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April 9, 2017updated 10 Apr 2017 5:08pm

The rise of the cyborg: Are we ready for augmented humans?

Given the amount of criticism IoT security faces, should embedded tech really be a reality?

By Hannah Williams

With the rise of the Internet of Things and Artificial Intelligence, many unique innovations have been unveiled across various industries and the field just keeps growing.

The two industries may be in their infancy but they’ve already helped with the creation of a new category called Artificial Sensors.

At the annual SAS Global Forum, Artist and Cyborg activist Neil Harbisson delivered a keynote discussing his Cyborg project which has enabled him to develop artificial sensors that are embedded into the human body to transmit senses.

This began with himself in 2003, when Harbisson became the first person to have an antenna implanted to his skull. The colour blind artist decided to have a sensor embedded to enable him to hear the frequencies of the light in colours. The theory is of sound becoming colour, and colour becoming sound.

On stage at the Global Forum, Harbisson said: “My aim was not to use technology or wear technology, my aim was to become technology. I didn’t want to have a wearable device; I wanted to have a new sensory organ.

Read more: Cisco, SAS look to tame data with Edge-to-Enterprise IoT Analytics

“I wanted an organ that would allow me to sense colour and create a third eye, and have it implanted so I would have a third eye for colour but then I realised that this would just limit my colour perception of what I have in front.

“So then I looked at nature and I saw there are many insects and other species that have antenna’s so I thought that maybe creating a human antenna exclusively for colour perception would be much more useful because then I could sense colours behind me or in front of me just by moving the antenna.”

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Neil Harbisson

Neil Harbisson, Artist and Cyborg activist.

The antenna was not only developed with the ability to sense colours however, it was also made with a feature to send internet transmissions to Harbisson’s brain, enabling him to also gather signals and data from satellites.

With the antenna, Harbisson explained that it also allows him to receive colour from external devices and across the world, something he describes as “a new body part.”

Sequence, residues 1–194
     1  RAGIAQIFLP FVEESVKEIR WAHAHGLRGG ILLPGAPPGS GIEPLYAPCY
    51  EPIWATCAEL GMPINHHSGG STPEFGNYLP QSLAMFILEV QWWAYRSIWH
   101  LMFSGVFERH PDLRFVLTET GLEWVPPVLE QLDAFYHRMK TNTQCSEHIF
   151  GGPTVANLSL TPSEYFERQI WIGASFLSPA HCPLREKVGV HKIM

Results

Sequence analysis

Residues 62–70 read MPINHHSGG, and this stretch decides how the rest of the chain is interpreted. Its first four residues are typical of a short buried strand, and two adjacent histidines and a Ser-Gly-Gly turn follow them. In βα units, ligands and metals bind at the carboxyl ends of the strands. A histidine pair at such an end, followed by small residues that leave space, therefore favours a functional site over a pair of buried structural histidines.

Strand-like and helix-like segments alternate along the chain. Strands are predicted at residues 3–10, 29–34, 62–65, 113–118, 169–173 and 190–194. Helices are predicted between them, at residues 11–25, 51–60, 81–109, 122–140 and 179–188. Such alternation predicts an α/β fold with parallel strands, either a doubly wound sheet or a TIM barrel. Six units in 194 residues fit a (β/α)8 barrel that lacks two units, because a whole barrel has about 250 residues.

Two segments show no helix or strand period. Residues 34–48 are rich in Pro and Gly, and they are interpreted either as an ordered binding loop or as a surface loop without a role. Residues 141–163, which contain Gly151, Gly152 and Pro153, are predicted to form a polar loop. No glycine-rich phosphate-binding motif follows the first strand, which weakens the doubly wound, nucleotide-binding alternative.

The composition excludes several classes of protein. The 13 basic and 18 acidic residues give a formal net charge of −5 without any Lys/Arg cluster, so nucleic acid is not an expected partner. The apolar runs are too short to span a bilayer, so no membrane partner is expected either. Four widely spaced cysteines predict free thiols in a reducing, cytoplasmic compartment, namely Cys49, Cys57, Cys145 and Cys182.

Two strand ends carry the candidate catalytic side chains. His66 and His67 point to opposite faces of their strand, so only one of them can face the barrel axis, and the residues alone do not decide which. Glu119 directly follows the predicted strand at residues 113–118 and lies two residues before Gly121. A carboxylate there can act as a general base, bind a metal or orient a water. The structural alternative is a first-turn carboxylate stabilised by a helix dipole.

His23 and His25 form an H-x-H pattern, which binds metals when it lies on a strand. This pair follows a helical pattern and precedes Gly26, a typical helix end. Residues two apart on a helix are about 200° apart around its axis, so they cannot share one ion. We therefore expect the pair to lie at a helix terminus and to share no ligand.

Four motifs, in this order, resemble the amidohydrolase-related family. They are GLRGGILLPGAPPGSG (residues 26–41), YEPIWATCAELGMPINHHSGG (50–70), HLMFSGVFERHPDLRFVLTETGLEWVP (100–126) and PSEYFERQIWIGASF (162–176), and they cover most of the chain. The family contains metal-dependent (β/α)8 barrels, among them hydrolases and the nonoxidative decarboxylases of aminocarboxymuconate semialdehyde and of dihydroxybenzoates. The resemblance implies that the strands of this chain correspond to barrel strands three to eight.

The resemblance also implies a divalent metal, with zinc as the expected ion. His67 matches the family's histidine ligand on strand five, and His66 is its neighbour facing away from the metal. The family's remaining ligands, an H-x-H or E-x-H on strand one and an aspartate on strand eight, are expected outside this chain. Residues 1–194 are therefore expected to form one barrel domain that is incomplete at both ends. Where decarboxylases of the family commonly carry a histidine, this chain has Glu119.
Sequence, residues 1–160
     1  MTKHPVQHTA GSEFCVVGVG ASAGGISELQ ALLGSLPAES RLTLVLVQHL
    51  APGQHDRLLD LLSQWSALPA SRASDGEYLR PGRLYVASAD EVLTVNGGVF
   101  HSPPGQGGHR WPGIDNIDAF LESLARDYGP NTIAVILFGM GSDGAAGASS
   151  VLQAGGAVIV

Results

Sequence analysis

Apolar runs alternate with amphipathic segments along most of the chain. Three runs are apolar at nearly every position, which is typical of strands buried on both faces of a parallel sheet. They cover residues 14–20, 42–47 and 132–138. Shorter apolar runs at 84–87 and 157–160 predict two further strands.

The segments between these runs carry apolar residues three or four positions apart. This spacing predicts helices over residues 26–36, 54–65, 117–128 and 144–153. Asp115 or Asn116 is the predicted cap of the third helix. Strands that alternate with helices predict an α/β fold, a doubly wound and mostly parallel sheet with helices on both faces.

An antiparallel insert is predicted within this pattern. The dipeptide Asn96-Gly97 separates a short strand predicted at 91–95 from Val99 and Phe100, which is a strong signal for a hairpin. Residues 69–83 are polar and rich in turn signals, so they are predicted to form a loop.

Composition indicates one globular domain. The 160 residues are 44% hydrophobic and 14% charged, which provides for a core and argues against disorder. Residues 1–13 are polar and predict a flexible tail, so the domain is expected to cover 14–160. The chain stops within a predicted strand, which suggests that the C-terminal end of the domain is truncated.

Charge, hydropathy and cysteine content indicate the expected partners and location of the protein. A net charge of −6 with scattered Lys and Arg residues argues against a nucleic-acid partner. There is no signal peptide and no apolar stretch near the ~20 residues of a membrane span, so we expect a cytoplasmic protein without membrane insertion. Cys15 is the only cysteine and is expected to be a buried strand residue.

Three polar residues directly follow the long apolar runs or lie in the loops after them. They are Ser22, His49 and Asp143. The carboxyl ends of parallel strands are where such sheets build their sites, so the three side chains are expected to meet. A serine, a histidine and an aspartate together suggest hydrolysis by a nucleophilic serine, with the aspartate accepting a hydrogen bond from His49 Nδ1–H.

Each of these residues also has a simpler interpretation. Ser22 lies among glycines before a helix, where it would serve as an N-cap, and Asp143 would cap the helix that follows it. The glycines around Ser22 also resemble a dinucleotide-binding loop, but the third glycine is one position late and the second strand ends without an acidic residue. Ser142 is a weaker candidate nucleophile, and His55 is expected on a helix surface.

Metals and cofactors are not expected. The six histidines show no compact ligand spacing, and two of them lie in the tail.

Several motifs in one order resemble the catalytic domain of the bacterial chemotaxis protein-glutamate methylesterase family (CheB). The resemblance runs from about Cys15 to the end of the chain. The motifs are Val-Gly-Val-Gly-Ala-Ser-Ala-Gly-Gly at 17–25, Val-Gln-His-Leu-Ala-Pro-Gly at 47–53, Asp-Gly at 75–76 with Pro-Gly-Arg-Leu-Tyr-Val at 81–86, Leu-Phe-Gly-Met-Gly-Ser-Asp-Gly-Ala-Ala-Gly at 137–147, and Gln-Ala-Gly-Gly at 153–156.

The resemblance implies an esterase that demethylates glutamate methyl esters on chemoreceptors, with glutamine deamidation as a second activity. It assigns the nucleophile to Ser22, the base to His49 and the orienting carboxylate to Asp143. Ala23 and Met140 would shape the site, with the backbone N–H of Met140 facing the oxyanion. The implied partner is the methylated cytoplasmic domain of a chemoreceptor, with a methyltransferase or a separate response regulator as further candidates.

Harbisson hopes that antenna’s and artificial sensors will be identified as new sensory organs (NSO) by 2020- the year IoT devices are also expected to grow by 15 to 20 billion.

“I see this as the use of the internet as a sense or a sensory extension, something I think we’ll start seeing much more of in the 2020’s and that the internet is not only used as a tool or a communication system but also as a sensory extension to allow us to extend our perception of colour and our bodies,” said Harbisson.

However, one thing that is likely to raise questions is the security of these sensors. Already many studies have been released on the UK’s unawareness of the likely security threats imposed by connected devices.

A previous study from Gartner found that along with the rise of the expected number of IoT devices by 2020, over 25 percent of attacks in enterprises will be from IoT.

It was also discovered by HP that the average IoT device has 25 security flaws, many of which organisations and other users are unaware of.

Now if we think of the internet connected sensors which are built to be embedded into human bodies, are they not more likely to lead to more security issues.

Harbisson said: “Creating AS (Artificial Sensors) means that the eye of the intelligence needs to be created by the brain, so it’s collaboration between technology and the brain, intelligence or the knowledge around you.”

This is also a similar concept to founder of Tesla’s, Elon Musk, who recently launched a start-up company named Neuralink which is to focus on the development of a neural lace to embed small electrodes into the brain. This concept is to merge computer technology with the human brain.

The two given examples are not the only ones that have invented such internet sensory extensions to be embedded into the body. This is evidence that along with the rise of artificial sensors, security also needs to be a key factor built into the technology from its inception.

Harbisson’s keynote also opened up the announcement of his newest Cyborg project, Cyborg Nest which he co-founded in 2015 together with other participants to create artificial senses to enable the perception of reality.

Included is the sense of speed and Seismic activity. An example that was given was a sensor planted into the body to create vibration when an earthquake occurs around the world.

Harbisson said: “I feel like I am identified as a cyborg, the word cyborg comes from two words; cybernetics and organism and I feel that I am united logically to cybernetics so identifying as a cyborg really fits what I feel as I feel no difference between software and my brain.”

Artificial Reality, sensors, cyborgs, and more can all individually be discovered as unique types of innovation that pair the internet with the human brain and if the internet as a stand-alone tool is not wholly secure, how are we sure it will be when embedded into the human body?

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